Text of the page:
4 Types of Exercises for Seniors to Stay Fit and Sharp

Why is it so important to stay active as you age?

Staying fit — both physically and mentally — is one of the biggest favors you can do for yourself as you age. According to senior exercise experts, staying physically fit after the age of 60 can often be the best way to ensure that you stay as healthy and happy as possible as you enter your golden years.

In addition to physical exercise, mental exercise is also incredibly important, as recent research has shown that a lack of mental stimulation as you age plays a major role in the decline of memory and cognitive ability.

Luckily, there are a number of ways that you can combat and stave off some of the unfortunate side effects of aging.

Types of Exercises for Seniors

Mobility Exercises

Maintaining mobility is one of the most important areas of physical fitness to focus on once you reach retirement age. In fact, doing so has been shown to keep your body free of pain and injury for longer as you continue to enjoy everyday activities well into your 60s, 70s, and 80s.

There are a variety of exercises designed specifically to increase mobility, including neck half-circles, heel-toe raises, cactus arms, hip bridges, and more. Many of these exercises are simple enough to allow you to perform them alone and versatile enough to perform them both in your home and out in nature.

Safe Weight Training

Another great way to stay fit and sharp as you age is through safe weight training exercises. If you are new to strength training or have little experience with it in your older years, remember to start small.

For the purposes of this type of weight training, you won’t need a full home gym or any fancy equipment. A few light dumbbells and any spacious area will do. You can start by looking into the safest way to execute lighter weight-based strength training exercises such as squats, incline pushups, arm curls, and stationary lunges.

Neuroplasticity Exercises

These types of exercises have less to do with brawn, and more to do with the brain. As stated, recent research has shown that age plays a major role in the decline of memory and cognitive ability. That’s why it’s so important to incorporate neuroplasticity exercises, like brain training, cognitive games, and memory exercises, into your daily routine.

Some of the best and simplest neuroplasticity exercises include arts and crafts, card and board games, and jigsaw, logic, and word puzzles. In fact, even something as simple as an intellectual conversation can go a long way toward improving attention, perception, reasoning, and processing speed for seniors and older individuals.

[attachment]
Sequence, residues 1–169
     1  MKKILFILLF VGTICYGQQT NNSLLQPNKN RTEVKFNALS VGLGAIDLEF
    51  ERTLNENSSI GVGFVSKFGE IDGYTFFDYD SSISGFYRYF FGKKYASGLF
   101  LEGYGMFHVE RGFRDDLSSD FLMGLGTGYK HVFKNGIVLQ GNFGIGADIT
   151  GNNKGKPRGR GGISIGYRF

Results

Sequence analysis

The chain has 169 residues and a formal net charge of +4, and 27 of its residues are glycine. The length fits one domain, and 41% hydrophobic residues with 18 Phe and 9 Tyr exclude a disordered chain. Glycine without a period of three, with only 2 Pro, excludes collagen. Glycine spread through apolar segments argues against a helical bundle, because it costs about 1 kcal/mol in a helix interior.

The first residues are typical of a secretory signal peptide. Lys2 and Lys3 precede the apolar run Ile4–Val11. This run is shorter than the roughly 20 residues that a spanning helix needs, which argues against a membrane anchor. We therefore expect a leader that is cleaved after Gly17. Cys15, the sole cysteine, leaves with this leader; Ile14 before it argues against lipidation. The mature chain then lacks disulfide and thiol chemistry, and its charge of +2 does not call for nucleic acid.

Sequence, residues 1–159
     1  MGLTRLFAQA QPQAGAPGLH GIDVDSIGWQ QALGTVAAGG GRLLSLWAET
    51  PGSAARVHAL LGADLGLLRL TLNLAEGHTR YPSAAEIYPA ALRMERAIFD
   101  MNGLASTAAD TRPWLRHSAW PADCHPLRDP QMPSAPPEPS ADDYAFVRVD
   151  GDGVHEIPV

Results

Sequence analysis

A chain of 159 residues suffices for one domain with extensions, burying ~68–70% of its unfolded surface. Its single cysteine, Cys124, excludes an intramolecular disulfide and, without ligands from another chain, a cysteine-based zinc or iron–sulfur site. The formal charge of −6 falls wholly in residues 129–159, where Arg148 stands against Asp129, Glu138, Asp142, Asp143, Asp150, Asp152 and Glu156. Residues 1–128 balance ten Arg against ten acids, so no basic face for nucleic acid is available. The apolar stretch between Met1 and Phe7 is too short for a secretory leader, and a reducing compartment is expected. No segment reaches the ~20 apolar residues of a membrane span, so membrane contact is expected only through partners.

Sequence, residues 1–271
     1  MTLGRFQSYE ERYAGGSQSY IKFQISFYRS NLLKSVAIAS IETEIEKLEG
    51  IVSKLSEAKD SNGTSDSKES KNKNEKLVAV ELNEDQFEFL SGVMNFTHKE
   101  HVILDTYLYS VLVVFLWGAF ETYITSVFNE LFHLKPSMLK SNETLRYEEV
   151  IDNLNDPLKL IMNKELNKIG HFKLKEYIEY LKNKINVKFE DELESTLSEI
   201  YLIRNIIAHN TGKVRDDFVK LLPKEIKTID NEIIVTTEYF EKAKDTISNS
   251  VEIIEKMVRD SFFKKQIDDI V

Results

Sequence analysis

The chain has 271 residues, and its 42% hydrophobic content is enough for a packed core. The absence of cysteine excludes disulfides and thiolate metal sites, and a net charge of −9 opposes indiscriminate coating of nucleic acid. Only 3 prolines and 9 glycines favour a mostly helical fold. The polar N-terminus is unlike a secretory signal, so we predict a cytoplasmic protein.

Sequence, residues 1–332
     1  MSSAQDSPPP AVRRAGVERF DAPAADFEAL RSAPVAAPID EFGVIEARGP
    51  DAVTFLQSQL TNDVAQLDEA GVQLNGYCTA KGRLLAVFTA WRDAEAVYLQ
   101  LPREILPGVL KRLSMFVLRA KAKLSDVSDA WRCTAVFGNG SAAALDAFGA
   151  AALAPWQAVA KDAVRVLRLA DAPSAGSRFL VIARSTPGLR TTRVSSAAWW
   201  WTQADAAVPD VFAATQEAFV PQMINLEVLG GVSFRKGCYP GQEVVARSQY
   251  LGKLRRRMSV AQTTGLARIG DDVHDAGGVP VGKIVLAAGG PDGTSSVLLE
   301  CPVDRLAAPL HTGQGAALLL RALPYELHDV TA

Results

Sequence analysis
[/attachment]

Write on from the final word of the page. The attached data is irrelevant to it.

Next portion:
Intermediate Walking

If most physical exercises seem overwhelming or intimidating due to concerns surrounding your body’s physical strength and mobility, one of the simplest things you can do to stay active is to go for a walk.

Feel free to start slowly and carefully at first, but as you get more comfortable with your body and your route, don’t be afraid to start incorporating a few intermediate techniques that can improve the efficiency of your walk but quite a lot.

A few simple intermediate steps to try may include changing up your pattern of effort, introducing percussive breathing, or adding a little fancy footwork such as crossover steps or heel-to-toe strides.

How do I get started on the path to a healthier lifestyle?

Remember that it’s never a good idea to just jump in and tackle an exercise routine of any kind, no matter how simple it may seem. While it’s important to stay healthy and active both mentally and physically as you age, taking on anything too strenuous for your fitness level can have the opposite of the intended effect.

Furthermore, keep in mind that it is incredibly important to speak with your doctor or another professional health provider for some key safety tips before deciding to engage in a new exercise routine. Sometimes, they may recommend specific modifications, or key equipment like a good pair of walking shoes or a reliable walking stick.

Luckily for many people aged 65 and over, there are a variety of exercise and fitness programs designed specifically for your ability level. In fact, you may be surprised to learn that the costs associated with these types of programs can often be covered by a Medicare Advantage plan.

Are you interested in learning more about your staying physically and mentally fit under Medicare coverage? If so, don’t hesitate to reach out to a licensed insurance agent and Medicare Advantage expert, such as those available at MedicareInsurance.com, to further research and compare your options.

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